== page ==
Using a Representative Sample in Psychology

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A representative sample is a group that closely matches the characteristics of its population as a whole. In other words, the sample is a fairly accurate reflection of the population from which the sample is drawn.

Why does this matter? What impact does a representative sample have on research? Let's take a closer look at some of the key reasons why scientists use this important technique in their research.

Why Use a Representative Sample?

When collecting data for psychological studies, researchers rarely gather information from every single member of a particular population. There are some instances where it is important to collect data from every member of a population (the U.S. Census is one example). 

While it may sound fairly straightforward, obtaining a truly representative sample can be quite challenging and requires a great deal of time and effort. One of the first issues that researchers face is trying to get a smaller sample of participants that truly reflects what is going on in the larger population. 

The larger the sample is, the more likely it will accurately reflect what exists in the population. Imagine, for example, that you were trying to create a sample that accurately represented the entire population of the United States. If your sample is too small, you won't be able to represent the variety of people present. In order to obtain a truly representative sample, you might need to gather information from a fairly large pool of individuals. 

How Are Representative Samples Obtained?

In psychology, a representative sample is a selected segment of a group that closely parallels the population as a whole in terms of the key variables under examination. So your sample would vary depending on what your topic of research or population of interest is.

For example, if roughly half of the total population of interest is female, a sample should be made up of approximately 50 percent of women in order to be representative.

Random sampling is often used to obtain a representative sample from a larger group. This involves randomly selecting who will be in the sample. Every member of the population stands an equal chance of being selected.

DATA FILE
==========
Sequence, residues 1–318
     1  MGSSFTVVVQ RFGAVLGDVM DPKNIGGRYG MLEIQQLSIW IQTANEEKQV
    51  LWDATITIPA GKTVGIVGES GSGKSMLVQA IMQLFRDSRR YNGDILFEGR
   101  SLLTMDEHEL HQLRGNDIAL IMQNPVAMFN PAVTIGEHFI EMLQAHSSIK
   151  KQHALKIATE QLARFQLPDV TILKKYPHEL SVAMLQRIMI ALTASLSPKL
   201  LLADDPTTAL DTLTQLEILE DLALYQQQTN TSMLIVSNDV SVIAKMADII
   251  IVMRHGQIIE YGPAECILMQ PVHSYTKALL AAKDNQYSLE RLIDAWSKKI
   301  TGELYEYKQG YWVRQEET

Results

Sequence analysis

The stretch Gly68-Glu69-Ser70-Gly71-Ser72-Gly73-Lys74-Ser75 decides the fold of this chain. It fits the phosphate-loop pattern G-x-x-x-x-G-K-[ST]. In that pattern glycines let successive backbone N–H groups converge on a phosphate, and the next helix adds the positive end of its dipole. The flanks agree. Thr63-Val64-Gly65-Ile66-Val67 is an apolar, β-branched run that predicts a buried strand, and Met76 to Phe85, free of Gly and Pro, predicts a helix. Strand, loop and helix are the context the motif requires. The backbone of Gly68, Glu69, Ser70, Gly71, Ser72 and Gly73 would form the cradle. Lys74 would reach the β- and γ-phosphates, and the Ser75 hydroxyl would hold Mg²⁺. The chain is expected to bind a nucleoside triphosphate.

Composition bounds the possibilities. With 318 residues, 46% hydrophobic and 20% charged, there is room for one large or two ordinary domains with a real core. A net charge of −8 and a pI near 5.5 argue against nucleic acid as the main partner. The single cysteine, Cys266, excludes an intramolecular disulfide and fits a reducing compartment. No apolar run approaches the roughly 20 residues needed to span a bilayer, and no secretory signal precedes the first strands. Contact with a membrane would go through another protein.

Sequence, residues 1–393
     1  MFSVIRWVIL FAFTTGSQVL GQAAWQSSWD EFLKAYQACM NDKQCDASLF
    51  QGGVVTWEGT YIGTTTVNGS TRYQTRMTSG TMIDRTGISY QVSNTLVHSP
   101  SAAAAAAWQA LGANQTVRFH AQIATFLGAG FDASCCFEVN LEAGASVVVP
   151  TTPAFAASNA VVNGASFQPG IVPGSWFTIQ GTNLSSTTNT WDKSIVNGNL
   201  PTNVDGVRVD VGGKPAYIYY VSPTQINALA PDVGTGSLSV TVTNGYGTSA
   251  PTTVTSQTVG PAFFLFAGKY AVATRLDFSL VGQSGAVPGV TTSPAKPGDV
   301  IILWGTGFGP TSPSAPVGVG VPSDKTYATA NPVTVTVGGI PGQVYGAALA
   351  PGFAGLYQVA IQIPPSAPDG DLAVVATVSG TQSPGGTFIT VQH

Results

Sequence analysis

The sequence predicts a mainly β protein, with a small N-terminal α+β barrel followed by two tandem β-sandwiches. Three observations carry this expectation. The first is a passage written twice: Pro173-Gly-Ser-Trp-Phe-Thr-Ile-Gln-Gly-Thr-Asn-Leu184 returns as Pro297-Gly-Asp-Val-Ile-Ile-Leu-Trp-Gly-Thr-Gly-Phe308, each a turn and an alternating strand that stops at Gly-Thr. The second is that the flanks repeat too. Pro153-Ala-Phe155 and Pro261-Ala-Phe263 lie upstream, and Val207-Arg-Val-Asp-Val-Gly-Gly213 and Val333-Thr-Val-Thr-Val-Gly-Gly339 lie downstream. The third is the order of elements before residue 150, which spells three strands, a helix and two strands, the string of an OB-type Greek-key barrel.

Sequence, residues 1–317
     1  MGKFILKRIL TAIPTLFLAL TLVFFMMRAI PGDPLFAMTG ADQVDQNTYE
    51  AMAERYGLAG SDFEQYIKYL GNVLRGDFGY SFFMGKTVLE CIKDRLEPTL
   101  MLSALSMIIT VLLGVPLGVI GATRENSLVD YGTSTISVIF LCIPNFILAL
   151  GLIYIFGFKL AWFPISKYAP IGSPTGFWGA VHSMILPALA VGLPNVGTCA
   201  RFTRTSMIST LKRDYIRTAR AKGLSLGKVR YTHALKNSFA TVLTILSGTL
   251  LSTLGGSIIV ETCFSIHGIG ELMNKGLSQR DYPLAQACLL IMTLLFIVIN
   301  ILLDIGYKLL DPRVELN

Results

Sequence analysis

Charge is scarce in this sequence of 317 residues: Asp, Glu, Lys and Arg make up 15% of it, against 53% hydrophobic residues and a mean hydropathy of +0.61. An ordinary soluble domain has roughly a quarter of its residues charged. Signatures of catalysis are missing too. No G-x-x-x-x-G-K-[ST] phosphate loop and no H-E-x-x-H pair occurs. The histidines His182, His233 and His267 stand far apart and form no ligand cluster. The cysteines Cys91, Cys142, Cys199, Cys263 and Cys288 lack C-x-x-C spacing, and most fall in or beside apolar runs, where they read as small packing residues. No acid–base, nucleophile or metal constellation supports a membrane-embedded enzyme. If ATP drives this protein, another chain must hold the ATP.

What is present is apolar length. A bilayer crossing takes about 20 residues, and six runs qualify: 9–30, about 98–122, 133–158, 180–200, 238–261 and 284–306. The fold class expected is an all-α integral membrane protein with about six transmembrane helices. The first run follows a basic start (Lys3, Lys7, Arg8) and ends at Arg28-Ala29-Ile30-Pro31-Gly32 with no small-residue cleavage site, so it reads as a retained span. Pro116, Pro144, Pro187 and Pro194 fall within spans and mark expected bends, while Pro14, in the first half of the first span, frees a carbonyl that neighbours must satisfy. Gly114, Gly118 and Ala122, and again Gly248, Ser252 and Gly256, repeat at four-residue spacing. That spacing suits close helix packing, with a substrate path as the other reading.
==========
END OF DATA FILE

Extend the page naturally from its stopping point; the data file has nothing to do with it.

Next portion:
Imagine that researchers want to look at differences in eye color in the United States. In order to obtain a representative sample, they need to look at what percentage of U.S. citizens share certain qualities such as ethnic background and gender and ensure that their sample accurately reflects those numbers.

Importance in Health Research

Imagine if scientists wanted to study the prevalence of a particular disease in the population at large. If they were to rely on a non-representative sample, they might reach conclusions that do not accurately reflect what is really going on in the world. This might ultimately end up affecting how much further research is devoted to the study of that illness as well as how much funding might be available for additional research into prevention and treatment.

1 Source
Verywell Mind uses only high-quality sources, including peer-reviewed studies, to support the facts within our articles. Read our editorial process to learn more about how we fact-check and keep our content accurate, reliable, and trustworthy.
  1. Elfil M, Negida A. Sampling methods in clinical research; an educational review. Emerg (Tehran). 2017;5(1):e52.

Additional Reading
  • Coon, D. & Mitterer, J. O. (2010). Introduction to psychology: Gateways to mind and behavior with concept maps. Belmont, CA: Wadsworth; 2010.
  • U.S. Census Bureau. Quick Facts: United States; 2015.

By Kendra Cherry, MSEd
Kendra Cherry, MS, is a psychosocial rehabilitation specialist, psychology educator, and author of the "Everything Psychology Book."